If Freud had succeeded in making the unconscious a natural object suitable for scientific study, then his naturalization of the mind would be credible. The position taken here, albeit in debt to the vast critical literature, accepts that he failed. On that view, the 'mind' and 'the ego' and 'the unconscious' serve as placeholders for the corresponding targets of scientific scrutiny. On this account, the unconscious, then, is a metaphysical construction whose definition has served useful purposes, but it cannot be confused with the brain functions from which behavior emerges. This hardly denies its reality, but that reality is configured in a universe that excludes natural objects and forces. Kant, and in a different voice, Wittgenstein, considered each domain as separate and distinct, so the character of knowledge and reason employed to achieve its ends were also distinguished. In this vein, Freud's triumph rests on the successful application of 'practical' reason, when ironically he thought he was employing 'pure' reason. That misassignment accounts for Freud's error (or in Whitehead's term, 'misplaced concreteness,' to characterize this general mistake [1925]), which nevertheless yielded success. Ironically then, whereas Freud thought he was doing science, he in fact was conducting a highly novel, creative, and fecund interpretation of how humans think, conduct their lives, exhibit character and create personal identity. Simply, he conducted a moral investigation, one that remains a steadfast testimony to his insights."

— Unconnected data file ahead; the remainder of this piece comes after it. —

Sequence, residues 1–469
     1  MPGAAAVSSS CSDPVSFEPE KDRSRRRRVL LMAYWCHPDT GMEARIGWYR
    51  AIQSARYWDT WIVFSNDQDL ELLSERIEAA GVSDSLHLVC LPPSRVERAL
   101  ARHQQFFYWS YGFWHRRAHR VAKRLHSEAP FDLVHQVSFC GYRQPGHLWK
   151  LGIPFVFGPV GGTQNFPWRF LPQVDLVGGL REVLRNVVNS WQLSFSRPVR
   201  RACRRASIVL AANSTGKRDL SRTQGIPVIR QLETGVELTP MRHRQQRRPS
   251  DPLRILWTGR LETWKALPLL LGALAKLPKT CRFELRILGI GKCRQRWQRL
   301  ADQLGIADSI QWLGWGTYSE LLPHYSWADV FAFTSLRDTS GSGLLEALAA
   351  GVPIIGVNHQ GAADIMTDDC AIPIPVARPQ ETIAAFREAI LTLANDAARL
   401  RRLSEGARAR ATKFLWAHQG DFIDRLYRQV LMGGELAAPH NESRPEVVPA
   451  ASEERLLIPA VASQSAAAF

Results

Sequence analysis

Albert Tauber Freud - The Reluctant Philosopher (2010) p.127-128

Thursday, June 26, 2014

Money Wisdom #280

"Windelband's understanding of the place of value in epistemology introduced a challenge to positivist ideals, since he was dissatisfied with the philosophical grounding of objectivity. The aspiration of positivism to lead the human sciences to the naturalistic ideal required a value system that would order the respective inquiries. Positivism's approach depended on a dichotomy between facts and values, the objective and subjective ways of knowing, respectively (Putnam 2002). Long before the current post-Kuhnian views of the value structure of science achieved wide acceptance (Tauber 2009), Windelbund would ask, What is the relationship of facts and values? What is the standing of 'facts', and how are they qualified? Where did 'value', specifically in reference to the human sciences, find its philosophical place? The ability to define or maintain a system of values to support the notions of a radically objective science (Tauber 2009) rested upon the fact/value distinction (traditionally strung on an objective/subjective axis), but the basic division could not be maintained, because facts assume their meaning through a much wider constellation of values than the particular objectivist values positivists embraced. Indeed, facts attain their standing through the values that structure the very acquisition of data, and another array of values determine their significance and meaning. On this view, the dichotomy of 'facts' (products of a stark objectivity) and 'values' (typically construed as subjective) collapses in analytic practice. (This line of criticism proved important, since the collapse of the fact/value distinction became the fulcrum of positivism's fall in the last half of the twentieth century).